Wednesday, September 15, 2010

The Hidden Jewel by Dave & Neta Jackson

Recommendation: Highly recommended

The Trailblazer series are historical fiction written to introduce young readers to Christian heroes of the past. The Hidden Jewel is based on a true story from the life of Amy Carmichael. Fictional and non-fictional characters are seamlessly woven together to give the reader insight into the life and adventures faced by Miss Carmichael while serving as a missionary in India.

A young English boy and his mother, John and Leslie Knight find themselves irresistibly drawn to the ministry of Amy Carmichael at Dohnavur Fellowship near where Mr. Knight has been sent as junior magistrate in Palamcottah India. Against the wishes of Mr. Knight, young John and his mother began to assist Miss Carmichael in her ministry and find themselves right in the middle of a legal battle. A young girl has come to Dohnavur Fellowship to escape a marriage pre-arranged by her uncle. She is being forced to wed at a young age so that her uncle can claim her father’s inheritance. Leslie and John help care for this girl and eventually take part in her escape after Mr. Knight, as the judge, rules she must return to her uncle. As the adventure unfolds you see the faith of Amy Carmichael as she expectantly waits for God to answer her prayers.

Positives: This book is a wonderful introduction to Amy Carmichael. The factual and fictional elements combine to create a captivating story and give us a glimpse into the strong faith that drove and upheld Miss Carmichael through her years of ministry. The tension created between family members creates excellent opportunity for discussion. I also enjoyed the descriptive language and the historical research that drew me in and helped me understand the Indian culture of the day.

Negatives: None

Talking Points: There are many spiritual issues brought up through the course of the book that provide wonderful grounds for starting conversations with your child. Both the English boy and his mother question their Christianity as they see the difference between what they have been taught and how Amy Carmichael lives her life. By the end of the story, it seems clear that both are believers, however there is no distinct moment of life-change given in the story. Talk with your child about true salvation through Jesus Christ alone (Acts 4:12, Eph. 2:8-9, Matt. 7:21-23). The book talks of Hindu and Muslim practices of selling children to the temple and also gives an instance of a young converted Hindu boy being threatened by his family for his new faith (Matt. 5:11-12). The question of obeying governing authorities and obeying God can also be discussed from this book (Rom 13:1-7).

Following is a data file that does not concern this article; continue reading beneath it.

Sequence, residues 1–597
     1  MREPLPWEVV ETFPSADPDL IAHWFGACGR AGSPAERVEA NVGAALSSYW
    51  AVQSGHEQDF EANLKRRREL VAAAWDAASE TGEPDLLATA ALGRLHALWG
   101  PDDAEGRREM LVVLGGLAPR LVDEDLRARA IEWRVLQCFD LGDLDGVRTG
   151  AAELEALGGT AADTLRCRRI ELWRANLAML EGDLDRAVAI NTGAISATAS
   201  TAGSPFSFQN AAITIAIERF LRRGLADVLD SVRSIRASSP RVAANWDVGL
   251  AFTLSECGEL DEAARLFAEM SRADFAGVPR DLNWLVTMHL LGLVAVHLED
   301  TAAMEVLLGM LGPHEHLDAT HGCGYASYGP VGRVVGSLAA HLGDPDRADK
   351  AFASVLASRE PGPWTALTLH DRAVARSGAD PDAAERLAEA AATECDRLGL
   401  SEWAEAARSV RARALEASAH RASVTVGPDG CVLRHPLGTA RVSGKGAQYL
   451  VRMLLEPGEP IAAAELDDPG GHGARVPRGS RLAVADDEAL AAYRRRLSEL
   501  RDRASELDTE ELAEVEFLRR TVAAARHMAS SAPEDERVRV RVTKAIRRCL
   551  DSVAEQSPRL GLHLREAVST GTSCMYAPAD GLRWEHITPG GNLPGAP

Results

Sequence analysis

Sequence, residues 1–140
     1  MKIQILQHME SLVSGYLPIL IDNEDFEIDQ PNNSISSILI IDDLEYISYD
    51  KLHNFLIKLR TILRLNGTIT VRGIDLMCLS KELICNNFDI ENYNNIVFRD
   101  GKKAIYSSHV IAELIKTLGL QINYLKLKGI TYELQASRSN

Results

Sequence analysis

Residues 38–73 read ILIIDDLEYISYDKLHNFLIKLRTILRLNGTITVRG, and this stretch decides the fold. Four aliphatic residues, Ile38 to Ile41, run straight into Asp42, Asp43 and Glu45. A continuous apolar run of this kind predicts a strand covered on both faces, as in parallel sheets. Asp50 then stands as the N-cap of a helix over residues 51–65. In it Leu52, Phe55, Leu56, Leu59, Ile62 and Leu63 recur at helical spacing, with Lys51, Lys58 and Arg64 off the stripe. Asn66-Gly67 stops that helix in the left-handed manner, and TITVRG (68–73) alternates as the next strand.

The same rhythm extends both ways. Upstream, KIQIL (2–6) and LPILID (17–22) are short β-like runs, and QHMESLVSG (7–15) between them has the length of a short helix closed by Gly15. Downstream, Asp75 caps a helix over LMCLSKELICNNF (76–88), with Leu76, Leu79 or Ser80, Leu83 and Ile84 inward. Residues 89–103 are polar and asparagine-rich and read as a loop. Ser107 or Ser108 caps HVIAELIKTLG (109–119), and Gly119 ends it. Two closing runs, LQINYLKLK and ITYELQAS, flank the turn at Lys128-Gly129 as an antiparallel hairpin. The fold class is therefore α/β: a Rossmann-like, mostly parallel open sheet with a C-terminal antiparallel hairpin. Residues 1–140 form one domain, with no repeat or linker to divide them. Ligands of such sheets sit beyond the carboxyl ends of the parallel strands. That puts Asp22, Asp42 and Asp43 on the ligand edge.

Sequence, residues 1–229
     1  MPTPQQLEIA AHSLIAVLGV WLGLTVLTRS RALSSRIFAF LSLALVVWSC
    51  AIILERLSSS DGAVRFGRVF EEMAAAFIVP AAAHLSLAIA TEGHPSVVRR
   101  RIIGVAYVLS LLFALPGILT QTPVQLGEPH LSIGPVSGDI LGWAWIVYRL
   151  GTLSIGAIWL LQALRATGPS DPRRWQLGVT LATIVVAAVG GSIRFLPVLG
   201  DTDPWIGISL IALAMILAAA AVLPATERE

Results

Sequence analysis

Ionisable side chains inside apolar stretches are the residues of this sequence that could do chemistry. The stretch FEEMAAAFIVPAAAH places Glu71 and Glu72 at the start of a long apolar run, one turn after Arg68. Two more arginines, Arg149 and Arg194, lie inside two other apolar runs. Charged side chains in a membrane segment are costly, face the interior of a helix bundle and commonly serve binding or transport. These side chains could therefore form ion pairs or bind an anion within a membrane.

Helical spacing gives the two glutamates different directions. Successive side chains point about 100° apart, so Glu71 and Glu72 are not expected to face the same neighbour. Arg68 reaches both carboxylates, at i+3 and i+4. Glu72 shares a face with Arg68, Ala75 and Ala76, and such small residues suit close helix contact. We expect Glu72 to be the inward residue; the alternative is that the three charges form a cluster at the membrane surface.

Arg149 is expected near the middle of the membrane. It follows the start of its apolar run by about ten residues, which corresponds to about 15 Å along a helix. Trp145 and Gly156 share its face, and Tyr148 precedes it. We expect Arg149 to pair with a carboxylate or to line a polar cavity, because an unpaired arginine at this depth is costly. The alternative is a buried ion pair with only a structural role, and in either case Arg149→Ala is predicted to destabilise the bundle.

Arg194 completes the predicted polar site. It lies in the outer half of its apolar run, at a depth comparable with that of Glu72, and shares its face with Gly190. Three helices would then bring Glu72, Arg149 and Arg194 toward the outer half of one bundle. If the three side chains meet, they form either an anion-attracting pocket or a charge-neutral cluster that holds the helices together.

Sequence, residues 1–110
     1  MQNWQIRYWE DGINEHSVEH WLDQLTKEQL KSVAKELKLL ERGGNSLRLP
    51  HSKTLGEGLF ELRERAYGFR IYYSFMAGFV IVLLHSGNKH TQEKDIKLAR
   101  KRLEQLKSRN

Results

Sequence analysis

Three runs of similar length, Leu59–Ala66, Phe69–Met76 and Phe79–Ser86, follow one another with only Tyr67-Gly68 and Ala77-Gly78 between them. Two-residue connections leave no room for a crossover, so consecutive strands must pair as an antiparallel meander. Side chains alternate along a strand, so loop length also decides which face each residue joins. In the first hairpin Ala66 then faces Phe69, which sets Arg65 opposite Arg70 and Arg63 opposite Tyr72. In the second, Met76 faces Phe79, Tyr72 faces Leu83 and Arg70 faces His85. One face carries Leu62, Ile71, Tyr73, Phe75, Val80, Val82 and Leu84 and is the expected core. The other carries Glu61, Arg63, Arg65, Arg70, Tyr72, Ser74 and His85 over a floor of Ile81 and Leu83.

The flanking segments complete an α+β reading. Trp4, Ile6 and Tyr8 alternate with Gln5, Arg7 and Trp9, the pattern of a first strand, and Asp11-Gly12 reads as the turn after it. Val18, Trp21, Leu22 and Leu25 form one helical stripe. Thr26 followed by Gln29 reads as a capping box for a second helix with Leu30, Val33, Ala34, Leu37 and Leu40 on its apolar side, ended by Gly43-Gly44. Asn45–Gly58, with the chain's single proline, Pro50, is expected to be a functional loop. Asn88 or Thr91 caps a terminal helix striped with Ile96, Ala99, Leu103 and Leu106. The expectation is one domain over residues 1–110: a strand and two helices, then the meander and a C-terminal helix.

The intended audience is 8-12 year olds. I think it would also make a great family reading book even where younger children are involved.

2 comments:

  1. Kirsten B. said this would be an "awesome" blog, so I popped on over! I'm very excited about future posts and book reviews. I used to be a classroom teacher (trained at Master's with Kirsten), but now I homeschool and have often thought about having a similar blog, but do not have the time! yeay! Thanks! P.S. I love Amy Carmichael and if you haven't read A Chance to Die, I would highly recommend it!

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  2. I just got this book for free from PaperBackSwap.com Yeay again!

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